By disclosing the collaborations of HSS physicians with industry on this website, HSS and its physicians make this information available to their patients and the public, thus creating a transparent environment for those who are interested in this information. Further, the HSS Conflicts of Interest Policy does not permit physicians to collect royalties on products developed by him/her that are used on patients at HSS.
Patients should feel free to ask their HSS physicians questions about these relationships.
Salmon JE, Pricop L, D’Agati V: Immunopathology of SLE. In: Rheumatology 6th Edition, edited by MC Hochberg, AJ Silman, JS Smolen, ME Weinblatt, M Weisman. Mosby, London, pp 1253-1270, 2015.
Salmon JE: Mechanisms of immune-mediated tissue injury. in: Cecil Textbook of Medicine (25th edition), edited by L Goldman and AI Schafer, Elsevier Saunders, Philadelphia, pp 226-230, 2015.
Erkan D, Salmon JE, Lockshin MD. Anti-phospholipid Syndrome. In: Kelley’s Textbook of Rheumatology, 10th Edition, edited by GS Firestein, RC Budd, SE Gabriel, IB McInnes and JR O’Dell. Elsevier Saunders, Philadelphia, pp1389-1399, 2016.
Qing X, Chinenov Y, Redecha P, Madaio M, Roelofs JJ, Farber G, Issuree PD, Donlin L, Mcllwain DR, Mak TW, Blobel CP, Salmon JE. iRhom2 promotes lupus nephritis through TNF-α and EGFR signaling. J Clin Invest. 2018 Mar 5. pii: 97650. doi: 10.1172/JCI97650. [Epub ahead of print].
Kim MY, Guerra MM, Kaplowitz E, Laskin CA, Petri M, Branch DW, Lockshin MD, Sammaritano LR, Merrill JT, Porter TF, Sawitzke A, Lynch AM, Buyon JP, Salmon JE. Complement activation predicts adverse pregnancy outcome in patients with systemic lupus erythematosus and/or antiphospholipid antibodies. Ann Rheum Dis. 2018 Apr;77(4):549-555. doi: 10.1136/annrheumdis-2017-212224. Epub 2018 Jan 25.
Kim, MY, Buyon JP, Guerra, MM, Rana S, Zhang D, Laskin CA, Petri M, Lockshin MD, Sammaritano, LR, Branch, DW, Porter TF, Merrill JT, Stephenson MD, Gao Q, Karumanchi SA, Salmon JE Angiogenic factor imbalance early in pregnancy predicts adverse outcomes in patients with lupus and antiphospholipid antibodies: Results of the PROMISSE study. Am J Obstet Gynecol 214: 108.e1-108.e14, 2016 [ePub 2015 Sept 29].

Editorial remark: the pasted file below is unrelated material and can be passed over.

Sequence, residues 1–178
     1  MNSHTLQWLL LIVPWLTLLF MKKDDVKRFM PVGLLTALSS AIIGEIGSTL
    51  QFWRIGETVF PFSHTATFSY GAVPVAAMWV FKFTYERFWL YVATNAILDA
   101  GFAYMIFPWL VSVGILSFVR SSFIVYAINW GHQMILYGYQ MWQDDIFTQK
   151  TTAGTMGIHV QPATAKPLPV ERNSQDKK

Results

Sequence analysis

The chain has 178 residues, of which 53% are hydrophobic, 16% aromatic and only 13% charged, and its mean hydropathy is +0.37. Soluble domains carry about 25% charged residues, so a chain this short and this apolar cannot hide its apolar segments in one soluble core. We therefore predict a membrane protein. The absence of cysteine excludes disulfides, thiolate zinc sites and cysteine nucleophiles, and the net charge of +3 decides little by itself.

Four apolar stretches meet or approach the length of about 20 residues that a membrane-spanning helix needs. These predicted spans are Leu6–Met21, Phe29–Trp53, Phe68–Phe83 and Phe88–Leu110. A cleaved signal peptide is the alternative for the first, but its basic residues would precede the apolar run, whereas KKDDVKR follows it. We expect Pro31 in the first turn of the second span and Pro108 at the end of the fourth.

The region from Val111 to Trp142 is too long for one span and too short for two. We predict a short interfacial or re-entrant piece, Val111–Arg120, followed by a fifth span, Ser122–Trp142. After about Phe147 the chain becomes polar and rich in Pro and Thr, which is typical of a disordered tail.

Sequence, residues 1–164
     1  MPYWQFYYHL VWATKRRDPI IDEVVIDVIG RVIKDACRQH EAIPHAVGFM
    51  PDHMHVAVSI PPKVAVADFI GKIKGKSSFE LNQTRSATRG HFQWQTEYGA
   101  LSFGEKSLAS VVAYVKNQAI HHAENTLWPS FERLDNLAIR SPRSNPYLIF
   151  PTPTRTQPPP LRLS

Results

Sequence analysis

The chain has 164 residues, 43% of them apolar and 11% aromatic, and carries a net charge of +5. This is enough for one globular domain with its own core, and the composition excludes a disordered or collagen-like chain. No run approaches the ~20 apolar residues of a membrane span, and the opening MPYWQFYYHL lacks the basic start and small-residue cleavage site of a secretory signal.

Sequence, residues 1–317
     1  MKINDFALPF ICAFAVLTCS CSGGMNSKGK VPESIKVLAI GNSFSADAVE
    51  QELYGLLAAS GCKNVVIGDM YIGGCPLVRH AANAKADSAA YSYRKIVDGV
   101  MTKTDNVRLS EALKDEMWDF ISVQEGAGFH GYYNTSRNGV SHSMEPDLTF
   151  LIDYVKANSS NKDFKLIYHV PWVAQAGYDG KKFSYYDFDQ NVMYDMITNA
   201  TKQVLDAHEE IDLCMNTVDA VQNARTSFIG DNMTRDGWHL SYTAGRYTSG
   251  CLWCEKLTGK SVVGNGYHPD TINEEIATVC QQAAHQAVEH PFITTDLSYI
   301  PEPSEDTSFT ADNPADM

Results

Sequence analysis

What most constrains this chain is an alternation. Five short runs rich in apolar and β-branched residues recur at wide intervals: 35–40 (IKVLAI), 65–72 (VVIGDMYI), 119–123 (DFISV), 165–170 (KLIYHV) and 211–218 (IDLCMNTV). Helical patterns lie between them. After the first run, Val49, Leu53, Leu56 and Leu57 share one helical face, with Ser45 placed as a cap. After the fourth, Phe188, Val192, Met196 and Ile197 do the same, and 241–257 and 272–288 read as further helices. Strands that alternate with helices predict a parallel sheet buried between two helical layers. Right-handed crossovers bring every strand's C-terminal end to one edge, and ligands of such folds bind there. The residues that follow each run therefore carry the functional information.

Buyon JP, Kim YM, Guerra MM, Laskin CA, Petri M, Lockshin, MD, Sammaritano L, Branch DW, Porter TF, Sawitzke A, Merrill JT, Stephenson MD, Cohn E; Garabet L, Salmon JE. Predictors of pregnancy outcome in a prospective, multiethnic cohort of lupus patients. Ann Intern Med 163: 153-163, 2015 (ePub 23 June).
Issuree PDA, Maretzky T, McIlwain DR, Monette S, Qing X, Lang P, Swendeman SL, Park-Min KH, Binder N, Kalliolias GD, Yarilina A, Horiuchi K, Ivashkiv LB, Mak TW, Salmon JE*, Blobel CP*. IRHOM2 is a critical pathogenic mediator of inflammatory arthritis. J Clin Invest 123:928-32, ePub Jan 25, 2013 *equal contribution.
Java A, Atkinson J, Salmon J. Defective complement inhibitory function predisposes to renal disease. Annu Rev Med 64:307-24, 2013.
Isgro J, Gupta S, Jacek E, Pavri T, Duculan R, Kim M, Kirou K, Salmon JE, Pernis AB. Enhanced ROCK activation in patients with systemic lupus erythematosus. Arthritis Rheum 65:1592-602, 2013
Lockshin MD, Kim M, Laskin CA, Guerra M, Branch DW, Merrill J, Petri M, Porter F, Sammaritano L, Stephenson MD, Buyon J, Salmon JE. Prediction of adverse pregnancy outcome by the presence of lupus anticoagulant, but not anticardiolipin antibody in patients with antiphospholipid antibodies. Arthritis Rheum 64:2311-18, 2012
Lynch AM, Salmon JE. Dysregulated Complement Activation as a Common Pathway of Injury in Preeclampsia and Other Pregnancy Complications. Placenta 31: 562-567, 2010